Interpreting the Present and the Memory of Nation in Cape Verde, Guinea-Bissau and São Tomé and Príncipe
Edited By Ana Mafalda Leite, Jessica Falconi, Kamila Krakowska, Sheila Kahn and Carmen Tindó Secco
This volume brings together a selection of interviews with writers and filmmakers from Cape Verde, Guinea-Bissau and São Tomé and Príncipe in order to examine representations and images of national identity in the postcolonial narratives of these countries. It continues and completes the exploration of the postcolonial imaginary and identity of Portuguese-speaking Africa presented in the earlier volume of interviews Speaking the Postcolonial Nation: Interviews with Writers from Angola and Mozambique (2014).
Memory, history, migration and diaspora are core notions in the recreation and reconceptualization of the nation and its identities in Cape Verdean, Guinean and São Tomean literary and cinematographic culture. By assembling different generations of writers and filmmakers, with a wide variety of perspectives on the historical, social and cultural changes that have taken place in their countries, this book makes a valuable contribution to current debates on postcolonialism, nation and identity in these former Portuguese colonies.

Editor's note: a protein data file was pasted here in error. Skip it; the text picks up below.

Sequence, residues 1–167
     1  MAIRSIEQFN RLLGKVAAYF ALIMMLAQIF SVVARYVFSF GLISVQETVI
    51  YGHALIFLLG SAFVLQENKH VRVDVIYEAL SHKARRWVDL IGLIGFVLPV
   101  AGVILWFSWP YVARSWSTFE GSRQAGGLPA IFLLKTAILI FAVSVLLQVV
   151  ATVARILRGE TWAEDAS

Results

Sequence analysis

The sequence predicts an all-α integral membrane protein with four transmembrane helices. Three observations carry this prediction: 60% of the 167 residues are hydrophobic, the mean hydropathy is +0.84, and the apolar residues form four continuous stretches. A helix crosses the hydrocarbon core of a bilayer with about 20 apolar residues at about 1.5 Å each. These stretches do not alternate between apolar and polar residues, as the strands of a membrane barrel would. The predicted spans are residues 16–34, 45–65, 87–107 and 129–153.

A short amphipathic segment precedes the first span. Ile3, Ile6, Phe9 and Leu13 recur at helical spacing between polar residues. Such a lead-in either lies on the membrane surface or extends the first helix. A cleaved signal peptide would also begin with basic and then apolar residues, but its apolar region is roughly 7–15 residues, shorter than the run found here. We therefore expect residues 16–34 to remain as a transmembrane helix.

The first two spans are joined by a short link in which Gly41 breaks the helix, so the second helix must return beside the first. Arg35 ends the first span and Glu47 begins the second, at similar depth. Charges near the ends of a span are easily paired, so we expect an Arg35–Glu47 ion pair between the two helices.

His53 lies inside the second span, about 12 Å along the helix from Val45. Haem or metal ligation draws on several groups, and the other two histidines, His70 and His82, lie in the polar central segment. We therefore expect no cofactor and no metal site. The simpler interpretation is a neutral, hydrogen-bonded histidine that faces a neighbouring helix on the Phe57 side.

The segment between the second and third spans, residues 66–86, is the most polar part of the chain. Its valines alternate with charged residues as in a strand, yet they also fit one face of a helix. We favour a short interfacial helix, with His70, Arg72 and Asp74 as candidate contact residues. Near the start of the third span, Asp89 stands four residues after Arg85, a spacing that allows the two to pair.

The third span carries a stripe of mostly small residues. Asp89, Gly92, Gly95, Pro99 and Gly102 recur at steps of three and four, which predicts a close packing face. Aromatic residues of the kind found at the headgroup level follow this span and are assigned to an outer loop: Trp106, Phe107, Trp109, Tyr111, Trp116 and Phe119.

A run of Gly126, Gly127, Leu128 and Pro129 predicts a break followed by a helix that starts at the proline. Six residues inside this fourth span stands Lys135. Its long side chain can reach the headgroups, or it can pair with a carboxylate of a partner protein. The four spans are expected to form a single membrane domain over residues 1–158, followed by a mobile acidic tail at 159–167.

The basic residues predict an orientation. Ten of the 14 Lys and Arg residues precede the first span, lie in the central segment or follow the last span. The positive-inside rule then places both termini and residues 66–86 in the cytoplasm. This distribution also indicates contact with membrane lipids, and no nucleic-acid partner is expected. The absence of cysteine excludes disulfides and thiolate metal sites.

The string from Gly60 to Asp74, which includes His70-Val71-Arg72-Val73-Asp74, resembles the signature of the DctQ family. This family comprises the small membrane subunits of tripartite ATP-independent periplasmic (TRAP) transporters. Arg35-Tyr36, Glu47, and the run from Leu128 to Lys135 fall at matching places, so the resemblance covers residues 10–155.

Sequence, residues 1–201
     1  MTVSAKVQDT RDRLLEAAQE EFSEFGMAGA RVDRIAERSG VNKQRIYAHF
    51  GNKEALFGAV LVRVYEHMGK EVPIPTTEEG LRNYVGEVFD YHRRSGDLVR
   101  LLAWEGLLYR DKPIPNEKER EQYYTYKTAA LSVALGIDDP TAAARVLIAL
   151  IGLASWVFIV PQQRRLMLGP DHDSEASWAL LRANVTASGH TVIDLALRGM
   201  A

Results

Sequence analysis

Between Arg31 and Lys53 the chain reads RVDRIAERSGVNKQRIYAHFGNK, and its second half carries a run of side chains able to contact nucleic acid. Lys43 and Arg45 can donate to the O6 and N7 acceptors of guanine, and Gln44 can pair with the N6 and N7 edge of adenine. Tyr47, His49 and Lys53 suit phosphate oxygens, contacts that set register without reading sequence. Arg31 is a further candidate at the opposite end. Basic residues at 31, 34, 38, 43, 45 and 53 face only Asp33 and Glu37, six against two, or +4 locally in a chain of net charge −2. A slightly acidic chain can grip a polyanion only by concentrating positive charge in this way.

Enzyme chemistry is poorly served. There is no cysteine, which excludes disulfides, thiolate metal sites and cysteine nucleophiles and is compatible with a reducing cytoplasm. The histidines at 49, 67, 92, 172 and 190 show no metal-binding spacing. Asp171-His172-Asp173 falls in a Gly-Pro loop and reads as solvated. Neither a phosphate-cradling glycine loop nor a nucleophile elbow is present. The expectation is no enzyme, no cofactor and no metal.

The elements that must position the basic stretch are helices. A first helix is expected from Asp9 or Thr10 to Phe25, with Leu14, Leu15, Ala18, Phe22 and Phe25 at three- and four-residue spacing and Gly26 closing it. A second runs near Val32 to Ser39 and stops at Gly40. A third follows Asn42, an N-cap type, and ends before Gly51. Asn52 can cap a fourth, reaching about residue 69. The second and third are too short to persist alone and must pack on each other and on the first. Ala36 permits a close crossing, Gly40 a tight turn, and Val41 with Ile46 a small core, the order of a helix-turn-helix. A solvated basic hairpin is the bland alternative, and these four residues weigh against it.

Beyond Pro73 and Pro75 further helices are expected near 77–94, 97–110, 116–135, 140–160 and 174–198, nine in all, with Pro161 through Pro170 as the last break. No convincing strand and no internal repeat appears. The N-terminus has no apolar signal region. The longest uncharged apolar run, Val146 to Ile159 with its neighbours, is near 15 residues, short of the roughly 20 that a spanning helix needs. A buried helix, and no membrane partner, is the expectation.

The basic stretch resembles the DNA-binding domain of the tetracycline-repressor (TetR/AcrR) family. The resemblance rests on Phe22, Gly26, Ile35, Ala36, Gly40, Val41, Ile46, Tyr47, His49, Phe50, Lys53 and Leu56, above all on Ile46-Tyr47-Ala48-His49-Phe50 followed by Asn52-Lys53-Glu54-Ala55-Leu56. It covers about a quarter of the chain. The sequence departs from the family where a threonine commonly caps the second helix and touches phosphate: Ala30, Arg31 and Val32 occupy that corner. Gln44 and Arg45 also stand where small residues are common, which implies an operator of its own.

Adulai Jamanca is a film maker from Guinea-Bissau and was mentored by the Guinea-Bissauan director Sana Na N’Hada at the Instituto de Cinema (Film Institute) in Bissau. He studied Film and Television at the University of the Arts in London (BA, 2016) and is best known for his documentary José Carlos Schwarz: Voz do Povo [José Carlos Schwarz: Voice of the People] (2006).
Q. I would like to start with some general questions and then go on to your documentary José Carlos Schwarz1 – a voz do povo2 [José Carlos Schwarz- Voice of the People]. Could you talk a bit about your career in cinema?
A. My professional career started when I was 15 or 16 years old. I had always liked films and telling stories and I decided that’s what I wanted to do in life. I decided I was going to be a film director. Before I finished secondary school, I was faced with the problem that Guinea-Bissau had no university and I would need a study grant or think of something else. There was also no cinema at the time and after the 7 June3 war, I went through a pretty frustrating period.←183 | 184→
I didn’t give up and I wrote small stories. I contacted people working in the area of culture or music and, on one of these occasions, I met with director Sana Na N’Hada from Guinea-Bissau, who, at the time, spent a lot of time in...
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